So anyone with low iron should consider vitamin A supplements (especially if iron supplementation alone has not successfully raised iron levels sufficiently).

What to look for in Supplements

Look for Vitamin A (it will have some version of the word retinol next to it e.g. retinyl) on supplement labels. As an unfortunate result of scare stories and misinterpretation of the research concerning vitamin A, many UK supplement companies now use beta carotene and not preformed vitamin A .This means the majority of over the counter multivitamins available do not contain vitamin A.

How much vitamin A do I need ?

The UK recommended daily intake for adults is approximately 600mcg (2,300iu ).

However it is going to depend very much on the individual, taking into account the factors above relating to vulnerability to deficiency. In many cases a higher intake may be required but this should be done under the guidance of a nutrition practitioner.  Caution is needed when taking vitamin A in pregnancy or pre conception.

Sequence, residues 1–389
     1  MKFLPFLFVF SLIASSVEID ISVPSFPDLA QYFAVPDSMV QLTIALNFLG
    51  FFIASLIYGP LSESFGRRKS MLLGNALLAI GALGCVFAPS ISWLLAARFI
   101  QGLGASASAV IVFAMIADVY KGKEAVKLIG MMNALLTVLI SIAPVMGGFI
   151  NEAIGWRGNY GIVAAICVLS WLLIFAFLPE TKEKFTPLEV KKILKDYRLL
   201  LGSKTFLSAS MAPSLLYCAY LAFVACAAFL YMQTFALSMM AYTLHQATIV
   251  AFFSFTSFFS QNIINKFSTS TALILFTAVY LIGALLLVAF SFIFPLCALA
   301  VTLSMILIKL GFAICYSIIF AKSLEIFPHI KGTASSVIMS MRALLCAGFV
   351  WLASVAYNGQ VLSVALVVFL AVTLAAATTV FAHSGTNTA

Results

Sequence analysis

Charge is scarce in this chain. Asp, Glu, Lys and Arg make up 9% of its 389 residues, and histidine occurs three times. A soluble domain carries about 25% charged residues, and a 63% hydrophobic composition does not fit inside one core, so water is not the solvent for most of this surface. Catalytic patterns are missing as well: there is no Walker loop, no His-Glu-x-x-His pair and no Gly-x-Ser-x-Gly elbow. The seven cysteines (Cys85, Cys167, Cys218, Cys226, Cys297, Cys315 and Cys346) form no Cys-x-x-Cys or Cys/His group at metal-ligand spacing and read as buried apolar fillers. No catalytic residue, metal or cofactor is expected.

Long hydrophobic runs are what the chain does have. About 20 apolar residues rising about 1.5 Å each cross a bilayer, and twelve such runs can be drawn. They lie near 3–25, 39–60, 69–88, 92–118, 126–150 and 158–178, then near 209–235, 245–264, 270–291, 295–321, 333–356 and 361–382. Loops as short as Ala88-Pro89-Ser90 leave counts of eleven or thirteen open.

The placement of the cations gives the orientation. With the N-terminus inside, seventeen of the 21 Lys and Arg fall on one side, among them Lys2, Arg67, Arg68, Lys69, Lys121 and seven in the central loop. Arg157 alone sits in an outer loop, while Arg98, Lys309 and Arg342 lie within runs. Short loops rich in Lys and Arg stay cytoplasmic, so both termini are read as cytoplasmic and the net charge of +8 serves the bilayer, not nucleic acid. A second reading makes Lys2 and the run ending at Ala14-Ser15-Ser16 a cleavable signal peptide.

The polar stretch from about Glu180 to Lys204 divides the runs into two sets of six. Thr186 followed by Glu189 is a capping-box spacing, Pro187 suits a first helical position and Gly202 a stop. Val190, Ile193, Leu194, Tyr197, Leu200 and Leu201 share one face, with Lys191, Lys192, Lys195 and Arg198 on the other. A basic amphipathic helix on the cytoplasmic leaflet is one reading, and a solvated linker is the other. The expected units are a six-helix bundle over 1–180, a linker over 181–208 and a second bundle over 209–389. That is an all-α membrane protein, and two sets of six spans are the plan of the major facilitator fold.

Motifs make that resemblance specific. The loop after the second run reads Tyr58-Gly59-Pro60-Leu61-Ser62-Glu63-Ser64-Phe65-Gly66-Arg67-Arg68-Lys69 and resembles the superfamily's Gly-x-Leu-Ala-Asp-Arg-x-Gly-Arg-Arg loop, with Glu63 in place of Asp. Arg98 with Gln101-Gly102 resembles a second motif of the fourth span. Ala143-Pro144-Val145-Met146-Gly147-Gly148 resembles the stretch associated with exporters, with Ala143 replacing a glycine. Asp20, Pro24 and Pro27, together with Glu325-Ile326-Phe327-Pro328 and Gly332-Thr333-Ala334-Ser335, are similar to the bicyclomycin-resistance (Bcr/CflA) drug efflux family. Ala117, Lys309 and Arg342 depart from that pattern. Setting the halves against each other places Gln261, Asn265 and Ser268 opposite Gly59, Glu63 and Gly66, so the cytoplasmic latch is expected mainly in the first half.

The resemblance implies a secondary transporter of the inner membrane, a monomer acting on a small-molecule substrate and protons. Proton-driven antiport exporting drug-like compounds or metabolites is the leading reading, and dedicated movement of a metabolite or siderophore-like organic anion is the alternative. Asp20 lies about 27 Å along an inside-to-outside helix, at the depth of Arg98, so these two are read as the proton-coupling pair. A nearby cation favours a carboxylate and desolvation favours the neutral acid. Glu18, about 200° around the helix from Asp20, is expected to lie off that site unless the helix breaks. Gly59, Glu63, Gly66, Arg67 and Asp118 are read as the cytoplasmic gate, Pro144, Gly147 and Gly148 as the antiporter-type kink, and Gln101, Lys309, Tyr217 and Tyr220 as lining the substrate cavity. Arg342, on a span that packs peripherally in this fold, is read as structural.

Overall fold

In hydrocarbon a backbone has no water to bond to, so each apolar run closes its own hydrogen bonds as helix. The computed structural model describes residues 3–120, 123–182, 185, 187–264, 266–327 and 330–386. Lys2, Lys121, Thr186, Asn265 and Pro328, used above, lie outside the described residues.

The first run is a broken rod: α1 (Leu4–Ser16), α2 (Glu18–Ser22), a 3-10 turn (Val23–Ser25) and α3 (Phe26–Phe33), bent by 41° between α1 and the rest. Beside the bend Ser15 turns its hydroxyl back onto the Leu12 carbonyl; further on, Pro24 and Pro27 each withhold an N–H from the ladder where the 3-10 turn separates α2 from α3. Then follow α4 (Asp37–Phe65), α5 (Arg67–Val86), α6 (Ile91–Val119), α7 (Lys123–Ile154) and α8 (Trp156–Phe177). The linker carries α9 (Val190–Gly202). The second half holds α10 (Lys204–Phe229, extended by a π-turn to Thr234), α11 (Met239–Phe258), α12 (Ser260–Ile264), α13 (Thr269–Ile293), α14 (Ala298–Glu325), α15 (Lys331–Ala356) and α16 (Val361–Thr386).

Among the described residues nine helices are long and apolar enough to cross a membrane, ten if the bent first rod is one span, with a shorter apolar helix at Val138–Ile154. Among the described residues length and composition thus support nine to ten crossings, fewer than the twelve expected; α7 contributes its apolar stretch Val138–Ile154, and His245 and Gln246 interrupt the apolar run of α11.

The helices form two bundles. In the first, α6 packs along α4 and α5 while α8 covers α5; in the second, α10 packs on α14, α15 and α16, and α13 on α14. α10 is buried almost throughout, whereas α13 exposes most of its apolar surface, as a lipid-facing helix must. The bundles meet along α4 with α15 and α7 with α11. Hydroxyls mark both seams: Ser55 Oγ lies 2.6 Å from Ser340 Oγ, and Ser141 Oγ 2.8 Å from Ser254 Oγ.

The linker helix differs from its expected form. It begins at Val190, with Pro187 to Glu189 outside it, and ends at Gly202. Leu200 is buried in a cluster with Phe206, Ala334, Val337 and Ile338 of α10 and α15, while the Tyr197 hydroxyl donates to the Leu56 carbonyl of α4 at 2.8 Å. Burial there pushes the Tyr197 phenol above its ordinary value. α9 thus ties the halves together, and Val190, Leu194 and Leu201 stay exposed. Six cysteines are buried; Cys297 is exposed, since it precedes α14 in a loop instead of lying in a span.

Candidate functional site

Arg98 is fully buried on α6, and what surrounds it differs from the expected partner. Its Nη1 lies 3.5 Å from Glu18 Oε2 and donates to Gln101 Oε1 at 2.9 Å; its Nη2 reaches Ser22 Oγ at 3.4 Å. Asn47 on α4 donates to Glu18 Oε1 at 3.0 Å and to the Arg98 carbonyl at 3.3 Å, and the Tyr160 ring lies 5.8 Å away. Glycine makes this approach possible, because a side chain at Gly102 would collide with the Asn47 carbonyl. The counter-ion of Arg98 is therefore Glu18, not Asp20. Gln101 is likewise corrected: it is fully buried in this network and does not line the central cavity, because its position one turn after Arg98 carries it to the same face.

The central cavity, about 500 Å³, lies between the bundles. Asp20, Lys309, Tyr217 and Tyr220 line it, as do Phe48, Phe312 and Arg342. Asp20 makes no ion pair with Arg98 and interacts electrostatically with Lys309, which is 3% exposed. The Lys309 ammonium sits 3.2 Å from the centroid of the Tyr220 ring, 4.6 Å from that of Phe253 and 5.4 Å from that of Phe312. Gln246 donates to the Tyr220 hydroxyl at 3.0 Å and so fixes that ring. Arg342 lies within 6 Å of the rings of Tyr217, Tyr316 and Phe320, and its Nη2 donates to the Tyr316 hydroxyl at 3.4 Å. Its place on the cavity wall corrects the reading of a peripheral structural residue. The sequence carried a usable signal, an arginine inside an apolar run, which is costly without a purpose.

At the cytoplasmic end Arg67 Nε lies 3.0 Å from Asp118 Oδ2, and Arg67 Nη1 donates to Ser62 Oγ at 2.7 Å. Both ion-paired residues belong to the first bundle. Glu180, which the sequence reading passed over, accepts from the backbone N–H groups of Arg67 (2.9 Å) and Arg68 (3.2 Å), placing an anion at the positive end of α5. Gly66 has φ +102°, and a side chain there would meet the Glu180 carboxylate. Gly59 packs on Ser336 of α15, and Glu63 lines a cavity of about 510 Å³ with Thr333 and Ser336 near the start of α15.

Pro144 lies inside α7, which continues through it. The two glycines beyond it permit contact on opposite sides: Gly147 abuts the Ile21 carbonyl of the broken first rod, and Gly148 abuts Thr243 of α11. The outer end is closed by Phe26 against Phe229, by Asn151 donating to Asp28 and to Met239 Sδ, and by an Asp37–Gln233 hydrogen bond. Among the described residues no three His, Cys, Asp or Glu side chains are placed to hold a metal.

Food sources of Vitamin A

The richest sources of pre formed Vitamin A are oily fish, liver, eggs and cheese. Yoghurt and meat also contain vitamin A.

Testing Vitamin A Levels

The normal range for retinol in the blood is 28 to 86 μg/dL. However, testing for vitamin A is not particularly useful because deficiency will only show up when it is advanced and severe. This is because the liver stores large quantities of vitamin A.

The best plan is to have a one to one nutrition consultation to assess your vitamin A levels along with other vitamins and minerals and your diet, in the context of your overall health picture and symptoms. Call 07761 768 754 to book an appointment or email penny@nutritionistlondon.co.uk